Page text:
8. Actually open the notes. Freak out because I don’t know what to do. (8.5 Get over the freak out and start brainstorming fixes.)
  9. Spend two weeks adding and subtracting scenes. Every song on the radio is about my manuscript. Every moment is thinking about how I could fix things. Every podcast contains some little nugget that would make the book so much better.
  10. Send it back to the editor. Sometimes, it doesn’t need a second developmental look and is ready for line editing. Sometimes, we repeat steps 6-9.
  11. Receive notes to make the words read more smoothly, or where to maybe reorder things. Try to take all the notes, but sometimes they’re just wrong. For instance, I once had an editor who was brilliant at story, but didn’t do science fiction. She didn’t think “Terran” clearly meant “from Earth.” I ignored that note after polling my friends/family/mailing list, but that was the only note I tossed. Most of the time, though, the editor is definitely right. Remember, you picked the one you’re working with for a reason. Take the advice. (Unless it really bothers you. Because, in the end, it’s your manuscript.)
  12. At this point, I’m sick of my book. I’ve read it too many times. Made too many tweaks. Even reading it to my cat has lost appeal. I am relieved when I send it to the copyeditor/proofreader. (This is usually a different person than the developmental editor, who may or may not have been different from the line editor.)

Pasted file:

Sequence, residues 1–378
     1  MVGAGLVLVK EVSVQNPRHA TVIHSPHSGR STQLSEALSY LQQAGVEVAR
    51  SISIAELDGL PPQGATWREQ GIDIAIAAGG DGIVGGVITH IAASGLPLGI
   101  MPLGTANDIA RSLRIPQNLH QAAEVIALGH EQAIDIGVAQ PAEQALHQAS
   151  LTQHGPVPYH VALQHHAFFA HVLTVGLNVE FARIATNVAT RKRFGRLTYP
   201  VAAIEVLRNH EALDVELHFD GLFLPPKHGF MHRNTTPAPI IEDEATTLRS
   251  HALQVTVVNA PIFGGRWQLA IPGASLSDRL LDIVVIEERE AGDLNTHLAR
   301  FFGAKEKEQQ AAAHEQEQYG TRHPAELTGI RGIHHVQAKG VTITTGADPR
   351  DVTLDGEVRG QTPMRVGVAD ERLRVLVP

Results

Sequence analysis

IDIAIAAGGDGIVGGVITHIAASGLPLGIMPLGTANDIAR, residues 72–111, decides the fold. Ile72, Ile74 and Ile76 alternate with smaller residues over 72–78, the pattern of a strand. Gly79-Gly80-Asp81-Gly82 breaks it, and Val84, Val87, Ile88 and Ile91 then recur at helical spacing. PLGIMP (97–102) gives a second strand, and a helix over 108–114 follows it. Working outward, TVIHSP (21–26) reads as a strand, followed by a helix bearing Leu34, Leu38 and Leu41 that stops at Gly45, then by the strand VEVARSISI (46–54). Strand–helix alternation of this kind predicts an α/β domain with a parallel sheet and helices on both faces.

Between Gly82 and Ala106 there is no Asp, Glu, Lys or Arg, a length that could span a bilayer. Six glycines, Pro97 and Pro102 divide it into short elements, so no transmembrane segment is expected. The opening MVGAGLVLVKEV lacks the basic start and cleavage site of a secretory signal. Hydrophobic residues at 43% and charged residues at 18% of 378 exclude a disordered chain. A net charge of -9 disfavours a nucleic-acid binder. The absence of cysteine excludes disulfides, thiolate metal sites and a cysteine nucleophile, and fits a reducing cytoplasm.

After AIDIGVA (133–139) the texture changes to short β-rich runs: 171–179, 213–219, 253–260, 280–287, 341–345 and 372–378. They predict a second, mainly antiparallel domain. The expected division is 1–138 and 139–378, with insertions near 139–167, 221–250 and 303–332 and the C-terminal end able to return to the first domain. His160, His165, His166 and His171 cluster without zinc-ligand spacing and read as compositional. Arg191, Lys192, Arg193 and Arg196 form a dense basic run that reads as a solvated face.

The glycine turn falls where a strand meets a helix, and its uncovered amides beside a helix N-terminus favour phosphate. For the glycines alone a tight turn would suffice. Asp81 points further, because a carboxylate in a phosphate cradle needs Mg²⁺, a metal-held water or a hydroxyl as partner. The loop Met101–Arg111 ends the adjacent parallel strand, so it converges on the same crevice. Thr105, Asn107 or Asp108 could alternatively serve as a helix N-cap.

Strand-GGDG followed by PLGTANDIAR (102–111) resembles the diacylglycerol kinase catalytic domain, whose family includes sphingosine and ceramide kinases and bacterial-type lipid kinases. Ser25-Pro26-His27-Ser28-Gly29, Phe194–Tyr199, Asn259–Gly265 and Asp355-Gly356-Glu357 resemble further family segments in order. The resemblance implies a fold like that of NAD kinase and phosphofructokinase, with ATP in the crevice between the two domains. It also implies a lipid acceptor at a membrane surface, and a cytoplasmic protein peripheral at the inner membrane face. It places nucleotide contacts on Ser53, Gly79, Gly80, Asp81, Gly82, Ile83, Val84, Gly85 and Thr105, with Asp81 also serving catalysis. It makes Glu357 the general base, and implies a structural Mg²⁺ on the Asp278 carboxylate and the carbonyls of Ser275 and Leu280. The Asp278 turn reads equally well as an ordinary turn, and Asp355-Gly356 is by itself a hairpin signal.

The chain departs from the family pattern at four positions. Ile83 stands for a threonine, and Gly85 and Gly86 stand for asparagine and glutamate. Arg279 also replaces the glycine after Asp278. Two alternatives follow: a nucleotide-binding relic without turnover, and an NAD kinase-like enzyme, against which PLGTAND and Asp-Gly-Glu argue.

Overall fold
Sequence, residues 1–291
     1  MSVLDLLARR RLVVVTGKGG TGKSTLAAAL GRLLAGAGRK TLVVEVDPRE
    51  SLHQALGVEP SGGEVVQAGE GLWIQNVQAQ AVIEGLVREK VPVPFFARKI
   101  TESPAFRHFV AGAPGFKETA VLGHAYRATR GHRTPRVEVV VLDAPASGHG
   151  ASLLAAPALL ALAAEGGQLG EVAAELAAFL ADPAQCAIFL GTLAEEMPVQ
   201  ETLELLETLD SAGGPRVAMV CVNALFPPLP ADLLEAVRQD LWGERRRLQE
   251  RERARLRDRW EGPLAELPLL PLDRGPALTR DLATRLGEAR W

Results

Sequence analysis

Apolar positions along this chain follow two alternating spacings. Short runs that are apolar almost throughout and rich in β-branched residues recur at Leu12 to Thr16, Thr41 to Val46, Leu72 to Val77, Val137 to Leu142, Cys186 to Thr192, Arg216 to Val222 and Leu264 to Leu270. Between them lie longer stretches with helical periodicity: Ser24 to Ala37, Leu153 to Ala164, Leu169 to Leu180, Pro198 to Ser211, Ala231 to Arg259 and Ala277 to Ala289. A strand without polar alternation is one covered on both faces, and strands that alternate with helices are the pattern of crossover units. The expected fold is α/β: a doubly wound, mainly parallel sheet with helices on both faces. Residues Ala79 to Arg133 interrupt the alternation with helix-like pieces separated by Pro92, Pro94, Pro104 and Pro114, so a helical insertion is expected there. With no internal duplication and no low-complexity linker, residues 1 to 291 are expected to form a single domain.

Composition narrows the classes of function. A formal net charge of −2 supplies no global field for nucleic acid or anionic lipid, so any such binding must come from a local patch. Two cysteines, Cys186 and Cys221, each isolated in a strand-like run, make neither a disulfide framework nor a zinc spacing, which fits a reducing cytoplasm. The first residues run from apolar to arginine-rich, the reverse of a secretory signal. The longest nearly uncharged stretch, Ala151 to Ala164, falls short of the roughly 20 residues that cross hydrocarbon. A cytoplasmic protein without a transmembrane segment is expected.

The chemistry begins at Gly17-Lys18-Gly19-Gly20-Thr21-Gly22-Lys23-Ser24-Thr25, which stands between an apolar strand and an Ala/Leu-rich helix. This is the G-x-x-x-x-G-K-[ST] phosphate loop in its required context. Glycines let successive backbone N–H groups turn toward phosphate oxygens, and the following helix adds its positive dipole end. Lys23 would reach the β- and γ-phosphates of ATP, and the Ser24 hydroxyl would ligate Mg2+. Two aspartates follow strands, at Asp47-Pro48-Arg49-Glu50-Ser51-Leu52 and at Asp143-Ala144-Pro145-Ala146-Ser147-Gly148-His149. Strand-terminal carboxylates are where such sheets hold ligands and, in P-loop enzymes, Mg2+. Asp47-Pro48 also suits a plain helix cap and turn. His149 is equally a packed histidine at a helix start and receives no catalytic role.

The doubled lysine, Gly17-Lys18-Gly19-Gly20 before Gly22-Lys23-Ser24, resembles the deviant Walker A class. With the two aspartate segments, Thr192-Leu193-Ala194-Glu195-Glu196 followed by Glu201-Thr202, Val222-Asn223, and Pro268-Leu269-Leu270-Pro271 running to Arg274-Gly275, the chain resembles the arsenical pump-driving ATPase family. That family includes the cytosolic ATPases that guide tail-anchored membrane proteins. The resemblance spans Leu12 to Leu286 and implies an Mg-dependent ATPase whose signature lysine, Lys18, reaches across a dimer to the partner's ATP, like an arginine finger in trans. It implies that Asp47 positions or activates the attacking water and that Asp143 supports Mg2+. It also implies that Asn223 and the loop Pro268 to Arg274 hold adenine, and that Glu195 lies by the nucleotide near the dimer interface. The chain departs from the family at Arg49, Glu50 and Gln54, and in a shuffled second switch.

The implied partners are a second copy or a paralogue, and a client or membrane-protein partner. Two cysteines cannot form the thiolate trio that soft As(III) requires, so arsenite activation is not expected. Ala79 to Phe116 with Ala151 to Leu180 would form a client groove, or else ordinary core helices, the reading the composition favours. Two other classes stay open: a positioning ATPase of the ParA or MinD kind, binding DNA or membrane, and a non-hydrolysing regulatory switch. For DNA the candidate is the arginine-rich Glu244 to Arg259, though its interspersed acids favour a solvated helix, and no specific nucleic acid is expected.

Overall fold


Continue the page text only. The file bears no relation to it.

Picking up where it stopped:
13. Get the proofed version back. Slog through it in one night. Even if it takes 6 hours to go over every misplaced comma and consistency check. It’s painful to read at this point, so getting it done fastest is best. (Lucky for me, my spouse recognizes this activity and makes me dinner while I moan about how awful this whole book is. Why did I write it in the first place? Waaaaah.)
  14. Finish! At this point, I’m formatting and self-publishing. You may be choosing to send it off to agents and publishing houses. The point is: the manuscript is as ready as it’s going to be. You’re as ready as you’re going to be.
There you go. That’s my whole editing process. Hating the book is actually helpful at the end, by the way, because it helps me accept editorial notes on tiny things that make the piece better. Like, all I want to do is make the manuscript go away, and that’ll happen faster if I don’t fight for obsolete comma rules.
Remember that you trust your editor. Your next book will have different problems after all you’ve learned.


Photo by Jeremy Barton

Janine A. Southard writes speculative fiction from coffee shops in Seattle, WA. All her books so far have been possible because of crowdsourced funds via Kickstarter. She owes great thanks to her many patrons of the arts who love a good science fiction adventure and believe in her ability to make that happen.